Australian hospital statistics 2011-12: Staphylococcus aureus bacteraemia in Australian public hospitals

Public health Diseases Diseases Australia

This report presents national information on cases of Staphylococcus aureus bacteraemia (SAB) associated with care provided by public hospitals for 1 July 2011 to 30 June 2012. This report builds on robust national and jurisdictional arrangements to monitor and reduce SAB.

What is SAB?

  • SAB is a serious bloodstream infection that may be associated with hospital care. As such, it is known as a type of healthcare-associated infection.
  • Patients who develop bloodstream infections such as SAB are more likely to suffer complications that result in a longer hospital stay and an increased cost of hospitalisation. Serious infections may also result in death.
  • In December 2008, Australian Health Ministers endorsed the reporting of SAB by all hospitals in their relevant jurisdiction to form a national data collection.
  • In addition, rates of SAB, including cases caused by methicillin-resistant Staphylococcus aureus, were announced in 2008 as one of the performance indicators to be reported by jurisdictions under the National Healthcare Agreement.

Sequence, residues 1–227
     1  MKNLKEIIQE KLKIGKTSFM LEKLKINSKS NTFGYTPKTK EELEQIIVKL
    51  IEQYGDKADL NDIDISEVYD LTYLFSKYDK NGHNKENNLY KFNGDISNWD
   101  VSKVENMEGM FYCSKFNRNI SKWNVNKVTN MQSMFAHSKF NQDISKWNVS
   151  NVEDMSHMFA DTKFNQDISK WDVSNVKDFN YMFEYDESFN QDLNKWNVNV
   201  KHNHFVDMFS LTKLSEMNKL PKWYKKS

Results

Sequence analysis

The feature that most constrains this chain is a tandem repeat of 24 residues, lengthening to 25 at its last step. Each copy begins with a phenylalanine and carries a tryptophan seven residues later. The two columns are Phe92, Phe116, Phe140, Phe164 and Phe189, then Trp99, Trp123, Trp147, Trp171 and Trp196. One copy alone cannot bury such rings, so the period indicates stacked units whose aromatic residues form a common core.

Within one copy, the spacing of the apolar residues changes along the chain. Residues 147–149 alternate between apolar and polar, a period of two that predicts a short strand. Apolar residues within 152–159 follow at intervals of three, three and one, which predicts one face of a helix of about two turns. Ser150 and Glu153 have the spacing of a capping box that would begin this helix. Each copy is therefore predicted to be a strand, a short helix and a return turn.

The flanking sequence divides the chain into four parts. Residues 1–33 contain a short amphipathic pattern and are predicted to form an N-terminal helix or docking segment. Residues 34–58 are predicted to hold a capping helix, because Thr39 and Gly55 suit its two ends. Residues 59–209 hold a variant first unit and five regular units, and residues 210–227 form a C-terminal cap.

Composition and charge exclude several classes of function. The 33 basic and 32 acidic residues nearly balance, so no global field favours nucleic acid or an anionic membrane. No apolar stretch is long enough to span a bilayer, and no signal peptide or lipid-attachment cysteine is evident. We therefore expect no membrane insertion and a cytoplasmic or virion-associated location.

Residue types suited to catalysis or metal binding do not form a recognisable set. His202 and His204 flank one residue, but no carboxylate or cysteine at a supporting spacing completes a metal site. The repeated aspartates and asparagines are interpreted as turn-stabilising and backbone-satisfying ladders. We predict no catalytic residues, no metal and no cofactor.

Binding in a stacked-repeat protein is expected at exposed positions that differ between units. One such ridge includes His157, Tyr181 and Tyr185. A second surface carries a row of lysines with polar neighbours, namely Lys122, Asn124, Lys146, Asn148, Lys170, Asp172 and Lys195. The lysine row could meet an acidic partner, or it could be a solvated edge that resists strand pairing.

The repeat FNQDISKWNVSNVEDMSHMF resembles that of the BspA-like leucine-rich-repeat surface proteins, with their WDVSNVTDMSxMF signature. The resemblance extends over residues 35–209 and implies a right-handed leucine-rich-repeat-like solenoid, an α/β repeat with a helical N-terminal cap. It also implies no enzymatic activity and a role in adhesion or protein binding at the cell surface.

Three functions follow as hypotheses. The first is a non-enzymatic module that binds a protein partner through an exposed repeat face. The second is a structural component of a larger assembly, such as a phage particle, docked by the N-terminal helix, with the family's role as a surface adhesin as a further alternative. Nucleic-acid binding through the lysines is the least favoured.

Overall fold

SAB rates in 2011-12

  • In 2011-12, all states and territories had rates of SAB below the national benchmark of 2.0 cases per 10,000 patient days. The national rate was 0.9 cases per 10, 000 patient days.
  • The rates ranged from 0.7 per 10,000 patient days in Western Australia to 1.3 in the Northern Territory.
  • There were 1,734 cases of SAB reported for Australian public hospitals overall, of which 76% were methicillin sensitive, and therefore treatable with commonly used antibiotics. This was slightly lower than the 1,875 cases reported nationally in 2010-11.
  • The reported SAB cases occurred during 18.5 million days of patient care under SAB surveillance during 2011-12.
  • Between 2010-11 and 2011-12, rates of SAB decreased nationally, and in New South Wales, Queensland, Western Australia, Tasmania and Northern Territory. The rate increased in the Australian Capital Territory.
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